May 19, 2022 7:29 pm




When Camba arrived at ABC a century ago, beware, it is not an expression, it is that he arrived a century ago, he appeared before readers shy and imagining himself in a morning suit before German aristocrats. When Gistau did it, only 9 years ago, he also felt self-conscious and in his presentation he imagined himself at the door of his grandmother’s house, in Serrano, where else, restyled with Álvarez Gómez cologne and warned of the very little margin he had to off key

Coming to ABC is intimidating for many reasons. The first is the lineage of the person who wrote here, which is something like the list of Gothic kings in journalistic literature. There is also the other lineage, that of the founding family.

Four generations of editors, marquises them, who took journalism to its unthinkable aristocratic nature. Here comes with manners. Here you know how to greet the King. Here one dresses ‘comme il faut’ and holds the glasses by the stem. And, if all those tests are passed, then you can begin to realize professional qualities. With all these admonitions, one expects to find himself at the headquarters of Juan Ignacio Luca de Tena with the characters from Downton Abbey and Maggie Smith approaching, disdainful, to ask what a weekend is. And it turns out that, although there are indeed the occasional snob with the air of a great from Spain and the last name of a bus driver, what one finds, once they leave behind the metal detection arch, are delicious people who love journalism, who know how to use snail claws and who smoke in the doorway while telling dirty jokes. And at the top of that pyramid is María Vega de Seoane Luca de Tena.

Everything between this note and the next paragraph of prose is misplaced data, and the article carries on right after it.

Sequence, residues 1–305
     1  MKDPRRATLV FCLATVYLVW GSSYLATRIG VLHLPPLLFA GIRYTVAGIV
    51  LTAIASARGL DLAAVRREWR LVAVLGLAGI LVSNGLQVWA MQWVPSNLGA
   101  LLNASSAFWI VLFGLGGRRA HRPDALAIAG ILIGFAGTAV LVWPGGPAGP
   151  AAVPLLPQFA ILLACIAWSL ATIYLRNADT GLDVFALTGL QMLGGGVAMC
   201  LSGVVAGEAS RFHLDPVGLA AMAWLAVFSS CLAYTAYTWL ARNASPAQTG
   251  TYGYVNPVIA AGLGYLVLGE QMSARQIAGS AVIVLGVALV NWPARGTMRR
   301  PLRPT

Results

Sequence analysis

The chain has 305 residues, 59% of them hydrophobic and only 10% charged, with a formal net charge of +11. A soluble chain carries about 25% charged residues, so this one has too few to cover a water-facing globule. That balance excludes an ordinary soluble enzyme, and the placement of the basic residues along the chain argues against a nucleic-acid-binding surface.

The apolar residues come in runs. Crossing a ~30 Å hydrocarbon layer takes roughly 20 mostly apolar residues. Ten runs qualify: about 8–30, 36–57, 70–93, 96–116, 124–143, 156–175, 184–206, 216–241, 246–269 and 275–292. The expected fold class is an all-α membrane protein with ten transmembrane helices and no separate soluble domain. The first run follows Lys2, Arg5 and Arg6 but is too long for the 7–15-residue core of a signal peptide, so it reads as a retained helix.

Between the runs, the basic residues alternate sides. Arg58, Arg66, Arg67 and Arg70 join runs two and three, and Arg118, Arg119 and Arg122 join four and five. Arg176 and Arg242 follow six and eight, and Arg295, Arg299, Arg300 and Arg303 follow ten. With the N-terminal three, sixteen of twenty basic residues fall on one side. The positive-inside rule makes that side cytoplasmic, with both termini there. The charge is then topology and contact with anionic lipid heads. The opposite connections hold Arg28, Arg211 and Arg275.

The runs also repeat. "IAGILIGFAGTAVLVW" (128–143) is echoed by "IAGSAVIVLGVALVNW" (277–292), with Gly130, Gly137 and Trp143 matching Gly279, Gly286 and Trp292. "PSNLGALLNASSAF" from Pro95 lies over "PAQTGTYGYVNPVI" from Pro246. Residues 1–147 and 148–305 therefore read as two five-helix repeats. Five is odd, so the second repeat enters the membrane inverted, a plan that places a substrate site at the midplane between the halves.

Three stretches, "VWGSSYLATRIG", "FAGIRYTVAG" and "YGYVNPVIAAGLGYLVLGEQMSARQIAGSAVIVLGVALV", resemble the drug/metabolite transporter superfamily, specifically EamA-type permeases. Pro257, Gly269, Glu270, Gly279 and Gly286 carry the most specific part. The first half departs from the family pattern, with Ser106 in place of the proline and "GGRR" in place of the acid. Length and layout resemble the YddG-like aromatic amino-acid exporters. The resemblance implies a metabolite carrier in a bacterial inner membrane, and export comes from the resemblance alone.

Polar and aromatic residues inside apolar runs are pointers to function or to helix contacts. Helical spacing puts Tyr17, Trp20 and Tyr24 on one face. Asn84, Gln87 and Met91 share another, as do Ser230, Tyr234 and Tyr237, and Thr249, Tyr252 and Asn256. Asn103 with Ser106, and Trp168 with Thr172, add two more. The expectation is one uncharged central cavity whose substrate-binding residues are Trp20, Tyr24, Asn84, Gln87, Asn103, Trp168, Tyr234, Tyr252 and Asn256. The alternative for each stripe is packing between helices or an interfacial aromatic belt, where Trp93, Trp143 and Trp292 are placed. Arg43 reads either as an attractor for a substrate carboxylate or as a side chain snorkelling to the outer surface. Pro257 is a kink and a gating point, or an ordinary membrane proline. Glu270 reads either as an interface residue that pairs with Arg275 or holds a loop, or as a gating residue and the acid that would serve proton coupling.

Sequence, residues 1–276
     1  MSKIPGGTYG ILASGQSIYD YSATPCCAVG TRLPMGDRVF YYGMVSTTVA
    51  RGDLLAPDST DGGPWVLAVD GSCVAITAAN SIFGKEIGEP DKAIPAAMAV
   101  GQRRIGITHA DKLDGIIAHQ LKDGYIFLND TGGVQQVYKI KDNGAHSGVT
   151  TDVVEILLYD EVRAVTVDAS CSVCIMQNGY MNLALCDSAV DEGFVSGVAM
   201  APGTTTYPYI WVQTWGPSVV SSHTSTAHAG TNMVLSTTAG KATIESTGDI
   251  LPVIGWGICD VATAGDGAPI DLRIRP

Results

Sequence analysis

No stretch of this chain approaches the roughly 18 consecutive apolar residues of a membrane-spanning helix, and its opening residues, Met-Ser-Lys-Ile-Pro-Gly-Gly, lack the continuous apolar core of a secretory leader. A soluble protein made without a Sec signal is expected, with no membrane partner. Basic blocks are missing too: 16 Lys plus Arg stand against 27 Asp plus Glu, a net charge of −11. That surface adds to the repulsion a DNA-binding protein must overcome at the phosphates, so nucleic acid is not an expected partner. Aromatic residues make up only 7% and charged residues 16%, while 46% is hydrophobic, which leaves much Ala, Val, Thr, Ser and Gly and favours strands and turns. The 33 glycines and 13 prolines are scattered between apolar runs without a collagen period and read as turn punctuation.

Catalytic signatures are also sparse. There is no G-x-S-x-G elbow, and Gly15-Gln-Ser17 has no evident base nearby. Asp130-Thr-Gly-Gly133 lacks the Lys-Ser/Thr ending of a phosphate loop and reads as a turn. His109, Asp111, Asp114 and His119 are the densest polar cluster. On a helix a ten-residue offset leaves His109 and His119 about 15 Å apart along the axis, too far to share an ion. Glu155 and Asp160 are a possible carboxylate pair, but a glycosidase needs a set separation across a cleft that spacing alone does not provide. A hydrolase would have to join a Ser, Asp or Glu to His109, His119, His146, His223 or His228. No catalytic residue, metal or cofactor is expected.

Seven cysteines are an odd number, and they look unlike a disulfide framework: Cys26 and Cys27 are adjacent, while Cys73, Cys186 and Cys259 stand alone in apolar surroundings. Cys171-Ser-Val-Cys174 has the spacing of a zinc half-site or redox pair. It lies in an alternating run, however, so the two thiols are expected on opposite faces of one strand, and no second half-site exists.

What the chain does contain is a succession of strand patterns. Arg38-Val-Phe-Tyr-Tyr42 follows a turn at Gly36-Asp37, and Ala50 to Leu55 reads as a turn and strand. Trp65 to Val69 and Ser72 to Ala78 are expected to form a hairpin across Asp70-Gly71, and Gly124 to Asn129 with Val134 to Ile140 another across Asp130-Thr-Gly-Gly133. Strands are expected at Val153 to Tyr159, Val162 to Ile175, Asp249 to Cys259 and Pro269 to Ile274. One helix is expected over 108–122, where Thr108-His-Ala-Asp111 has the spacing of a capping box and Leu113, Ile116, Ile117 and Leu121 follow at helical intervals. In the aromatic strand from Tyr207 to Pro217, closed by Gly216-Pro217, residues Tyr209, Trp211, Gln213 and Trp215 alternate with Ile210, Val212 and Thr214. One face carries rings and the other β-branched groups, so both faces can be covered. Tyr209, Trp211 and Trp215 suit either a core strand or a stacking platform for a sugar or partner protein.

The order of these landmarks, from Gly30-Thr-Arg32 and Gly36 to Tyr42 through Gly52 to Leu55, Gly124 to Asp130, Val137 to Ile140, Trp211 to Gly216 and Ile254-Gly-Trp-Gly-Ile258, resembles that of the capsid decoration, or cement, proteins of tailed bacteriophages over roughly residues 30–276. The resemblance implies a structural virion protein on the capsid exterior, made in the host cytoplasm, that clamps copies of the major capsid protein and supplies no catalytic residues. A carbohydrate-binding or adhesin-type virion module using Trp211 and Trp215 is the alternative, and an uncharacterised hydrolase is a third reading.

Maria is the chief of the Indian tribe. He has the knowledge of the history, the belonging to the lineage (you only have to see the last name), the respect of the nomenclature and the affection of his team. María interprets the grounds of the tea and knows how to read the omens. María is like those fishermen who know before getting up if there will be a good or bad sea, if it is going to rain or if it is convenient not to move far from the coast. Hour and a half with Maria is the introductory course that any newcomer has to go through before daring to go alone to the coffee machine.

María is an intelligent person and, as such, she fearlessly welcomes changes and, as she knows the founding principles like the back of her hand, she embraces modernity and impudence, always within the good taste whose scale only she has. A female orchestra, she organizes the Cavia tables, teaches courses in good manners, keeps the King’s house protocol team at bay or writes the group’s non-financial report. But, above all, Maria has a gift for reaching people by shaking hands. He knows if you can be trusted just by hearing you say good morning. And, of course, when you go home after your first Monday on ABC, she already knows if you’re going to make it to Friday.

María is flirtatious in her own way, she enjoys life, which is the same as saying that she drinks, smokes and stays up late, and is suspicious of anyone who doesn’t. He says he doesn’t dance but he embroiders the twist. He is tolerant until his patience is exhausted and diplomacy ends, and then, like General Máximo Décimo Meridio, he unleashes hell. She’s stubborn, like all the people I like, and she never leaves anything unsaid. She defends, like a lioness her cubs, what she believes in and there is nothing she believes in more than ABC. Her name is Maria and, unlike Camba or Gistau, they can already take her very seriously.

Luis Enriquez

is CEO of Vocento

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